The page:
Due to increased demand, pharmacy chains CVS and Walgreens have limited purchases of children’s pain relievers and fever reducers. The demand comes amid a “tripledemic” surge of respiratory infections including flu, respiratory syncytial virus (RSV), and COVID-19. Particularly vulnerable to RSV, the virus has hospitalized more than four out of every 1,000 children under the age of five this season, according to the CDC.
In November, the spike in illnesses led to a 65 percent increase in the sale of children’s fever reducers and medications compared to November 2021, according to the Consumer Healthcare Products Association (CHPA). The association represents some of the companies that make the medications including Tylenol manufacturer Johnson & Johnson, Haleon the maker of Advil, and Perrigo, which manufacturers generic store brands.
[Related: Is it flu or RSV? It can be tough to tell.]
In a statement, CHPA said that it doesn’t yet have a timeline for when the supply may catch up with demand and stressed that the manufacturers were working to replenish the medications as quickly as possible.
At Walgreens, customers are limited to online purchases of six over-the-counter fever reducers per purchase, but the company does not currently have an in-store limit.
“Due to increased demand and various supplier challenges, over-the-counter pediatric fever reducing products are seeing constraint across the country,” said Walgreens, said in a statement. Walgreens added that the limits are, “in an effort to help support availability and avoid excess purchases.”
CVS also cited the increased demand for these items for their two-product per person limit on both online and in-store purchases. A spokesperson for CVS told The New York Times, “We can confirm that to ensure equitable access for all our customers, there is currently a two (2) product limit on all children’s pain relief products. We’re committed to meeting our customers’ needs and are working with our suppliers to ensure continued access to these items.”
The American Academy of Pediatrics (AAP) is urging parents “not to panic” if they are unable to find fever-reducing medicine. “These medicines are not curative. They don’t alter the duration of the illness or anything like that. They are essentially purely for comfort,” Sean O’Leary, chair of the Committee on Infectious Diseases for the AAP, told NPR earlier in December. “Fevers from common respiratory viruses in and of themselves are not harmful.”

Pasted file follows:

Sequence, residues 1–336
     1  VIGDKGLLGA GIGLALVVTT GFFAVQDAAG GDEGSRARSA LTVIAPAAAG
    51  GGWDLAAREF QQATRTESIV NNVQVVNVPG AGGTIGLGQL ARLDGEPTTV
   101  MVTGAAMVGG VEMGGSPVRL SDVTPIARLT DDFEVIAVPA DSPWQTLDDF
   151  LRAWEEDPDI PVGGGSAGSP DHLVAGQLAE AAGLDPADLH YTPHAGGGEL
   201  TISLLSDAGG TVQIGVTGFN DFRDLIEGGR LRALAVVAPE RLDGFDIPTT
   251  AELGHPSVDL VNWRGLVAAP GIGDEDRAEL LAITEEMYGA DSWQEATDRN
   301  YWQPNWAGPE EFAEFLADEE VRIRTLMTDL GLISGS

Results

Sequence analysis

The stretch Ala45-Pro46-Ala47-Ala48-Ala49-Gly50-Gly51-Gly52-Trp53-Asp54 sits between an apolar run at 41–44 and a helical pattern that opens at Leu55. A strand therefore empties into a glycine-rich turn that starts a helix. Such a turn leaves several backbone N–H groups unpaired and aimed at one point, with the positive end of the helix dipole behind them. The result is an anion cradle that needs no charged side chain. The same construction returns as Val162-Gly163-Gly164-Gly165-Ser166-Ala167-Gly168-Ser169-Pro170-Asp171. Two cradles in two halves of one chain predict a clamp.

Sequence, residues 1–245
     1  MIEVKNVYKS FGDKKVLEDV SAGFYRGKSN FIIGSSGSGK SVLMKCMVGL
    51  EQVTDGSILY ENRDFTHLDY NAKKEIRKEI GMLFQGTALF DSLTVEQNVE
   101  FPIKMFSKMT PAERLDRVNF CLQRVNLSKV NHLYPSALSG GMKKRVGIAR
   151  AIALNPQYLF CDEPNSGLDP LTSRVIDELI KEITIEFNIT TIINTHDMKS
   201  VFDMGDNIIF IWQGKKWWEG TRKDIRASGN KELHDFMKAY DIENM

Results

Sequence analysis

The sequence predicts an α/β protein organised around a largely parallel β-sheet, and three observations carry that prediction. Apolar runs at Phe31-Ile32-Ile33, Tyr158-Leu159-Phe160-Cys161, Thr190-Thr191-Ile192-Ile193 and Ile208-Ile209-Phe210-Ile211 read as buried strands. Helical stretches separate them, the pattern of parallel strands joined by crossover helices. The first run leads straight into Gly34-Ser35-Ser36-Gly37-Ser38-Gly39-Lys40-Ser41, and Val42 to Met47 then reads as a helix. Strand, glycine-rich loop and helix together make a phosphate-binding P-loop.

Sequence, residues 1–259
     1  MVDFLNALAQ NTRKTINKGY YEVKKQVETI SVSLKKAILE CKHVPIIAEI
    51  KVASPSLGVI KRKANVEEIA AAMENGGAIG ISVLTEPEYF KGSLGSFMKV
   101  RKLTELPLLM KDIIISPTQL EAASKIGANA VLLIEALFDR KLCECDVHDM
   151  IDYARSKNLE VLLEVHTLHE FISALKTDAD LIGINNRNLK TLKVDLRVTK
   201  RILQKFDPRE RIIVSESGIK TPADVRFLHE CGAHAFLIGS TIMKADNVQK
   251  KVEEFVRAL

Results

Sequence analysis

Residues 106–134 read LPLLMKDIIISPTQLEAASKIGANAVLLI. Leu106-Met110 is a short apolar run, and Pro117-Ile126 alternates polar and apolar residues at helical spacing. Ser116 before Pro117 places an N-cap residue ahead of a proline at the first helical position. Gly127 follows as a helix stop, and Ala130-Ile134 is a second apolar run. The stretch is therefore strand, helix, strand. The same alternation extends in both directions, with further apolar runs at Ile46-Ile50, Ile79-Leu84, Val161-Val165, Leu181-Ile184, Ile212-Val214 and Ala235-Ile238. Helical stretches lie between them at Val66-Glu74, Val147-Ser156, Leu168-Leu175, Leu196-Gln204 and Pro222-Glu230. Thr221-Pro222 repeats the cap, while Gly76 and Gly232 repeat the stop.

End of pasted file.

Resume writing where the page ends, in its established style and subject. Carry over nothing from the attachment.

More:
[Related: No, you can’t get the flu from a flu shot.]
While weekly RSV hospitalizations have recently decreased, the number hospitalizations is still higher than normal for this time of year.
Daniel Ganjian, a pediatrician at Providence Saint John’s Health Center, told PopSci in October that RSV exposure early in life helps train the immune system and most RSV infections occur in babies whose immune systems are still developing. Beginning in early 2020, children did not attend as many in-person activities, which lowered their chance of infection and the creation of an appropriate immune defense. “They have zero antibodies because these kids, who were 1 and 2 during the pandemic, were not exposed to RSV,” Ganjian said. “Now they’re getting it for the first time and they’re getting severe reactions,” he said. Infected infants may cough and wheeze for about two weeks, but most babies make a full recovery. A 2022 study in The Lancet estimates that RSV caused 7 percent of infant deaths, with most occurring in children under 3.